Of all the things you can do to annoy me, wasting my time is the worst. Especially if it costs me money.
Corporates are the chief culprits, using apps, automation and artificial intelligence to “disrupt” the older, more expensive way of doing things, and lining their pockets with the spoils.
It may be good for business, but it’s not good for those of us who appreciate and prefer to pay for good customer service. The disruption is so intense, we will soon no longer have a choice.
I haven’t reached the stage where I start every conversation with “back in the good old days…”, but it won’t be long. In a few days, I will be 49.
For me, age isn’t a number. It’s a word. In one year, that word spells 50 — and that’s old. Fifty is not the new 40. My Balenciagas won’t save me. I’ll be closer to death than birth, and at an age where severe dieting leads to saggy skin and a complexion akin to a shrivelled testicle.
If I reach the age achieved by my grandparents, that gives me about 15,000 days left to enjoy. Time is important and wasting it is not on my agenda.
Technology was supposed to make our lives easier — except it hasn’t. Years ago, I flew business class all over the world for work, racking up points and saving time. You could turn up with a decent-sized bag, jump to the front of the queue, arriving at the airport terminal just 30 minutes before departure. Tickets and cars would have been booked by your PA and someone waited for you at the other end as you walked through the arrivals hall.
Now, as corporates seek to save time and money, you have to book flights and cars yourself. How tedious, especially as it all goes on your personal credit card awaiting an expenses reclaim that could take a month or two.
Technology promised to make things better and cheaper, but costs us time (and therefore money). Trust me, you will be longing for old-fashioned human interaction the next time you have a digital conversation with a “chatbot” about where your missing parcel has got to.
In the space of a decade, the onward creep of technology has slowly forced us to book our own holidays, and check ourselves in at the airport. Pop out for some groceries, and you’ll have to scan your own supermarket shopping. Shop online or via an app and, if something goes wrong, there is seldom a telephone number or email address to contact. You are at the mercy of chatbots.
Take my recent food delivery experience. Only after I had committed did they dare to tell me that my food was not 10 minutes away, but would be another 40 minutes.
Could I cancel the order? Nope, it was too late. And what if they charged me the wrong amount, sent the wrong food or the food was cold? Who knows, because these sorts of operations could not care less about customer service. They make it so hard to complain that they hope you’ll give up in the process — or die first.
Energy firms have also been disrupted by technology. A while ago, I switched to one of the digitally-based upstarts challenging the dominance of the Big Six. While I saved a few hundred quid by doing so, I would not have bothered if I’d known how much of a mess they would make of transferring my account and how difficult it would be to find a human, algorithm or indeed anyone who could help sort this out. Endless amounts of time wasted and simply not worth the saving.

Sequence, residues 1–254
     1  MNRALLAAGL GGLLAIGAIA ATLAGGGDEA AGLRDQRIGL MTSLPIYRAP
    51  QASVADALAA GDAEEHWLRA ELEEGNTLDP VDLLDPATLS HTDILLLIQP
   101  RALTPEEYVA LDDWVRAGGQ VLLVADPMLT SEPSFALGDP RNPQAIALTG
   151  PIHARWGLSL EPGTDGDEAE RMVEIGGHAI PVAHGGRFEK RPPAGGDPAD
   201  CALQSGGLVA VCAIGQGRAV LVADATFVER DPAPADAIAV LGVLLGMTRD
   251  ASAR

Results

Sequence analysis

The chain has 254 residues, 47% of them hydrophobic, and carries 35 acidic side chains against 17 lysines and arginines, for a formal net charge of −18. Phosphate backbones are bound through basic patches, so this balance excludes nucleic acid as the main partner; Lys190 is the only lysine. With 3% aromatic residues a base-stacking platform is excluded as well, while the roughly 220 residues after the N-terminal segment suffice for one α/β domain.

I read this week that Ovo Energy is offering customers up to £60 off their bills a year if they never get in touch. Promise never to phone or email (unless it’s an emergency), manage your account via the app, and punch in a meter reading every three months, and the money is yours. It’s like being paid not to complain!
I am going to waste some more of my valuable time writing a good old- fashioned letter of complaint to the app I recently decided to book some train tickets through. The tickets were £36 each for an open return. With two of us travelling, it probably would have cost the same to take an Uber — and I wish we had.
The train companies have replaced knowledgeable staff with computerised ticketing. It’s easy to make a mistake, impossible to get your money back without paying an “admin fee” and the app didn’t warn us that our return journey would not be possible because the line had engineering works.
Yet this erasure of customer service does not seem to be discouraging tech investors. Just look at the IPO pipeline. Many of these tech companies have never made a profit, yet their founders — often nowhere near 50 years old — are about to walk off with more money than God.
It makes me sick. They will never have to waste their time looking at three jiggling dots on their smartphone. For this über-rich elite — pun absolutely intended — the private jet will be always be on standby and a phalanx of staff will be ready to attend their every whim at their multiple private residences or on board the shiny new gin palace.
Expect a stampede of so-called unicorns trying to monetise before everyone realises their valuations are nothing but a mirage conjured up in Narnia.
The tech disruption is likely to continue. But who cares? We live in an age where you no longer need to be in a job or to have shares in a company that makes a profit to make vault loads of cash. Ousted Uber chief executive Travis Kalanick is reputedly set to make $9bn from the forthcoming IPO. Maybe he can write my column when I am no longer considered rich.
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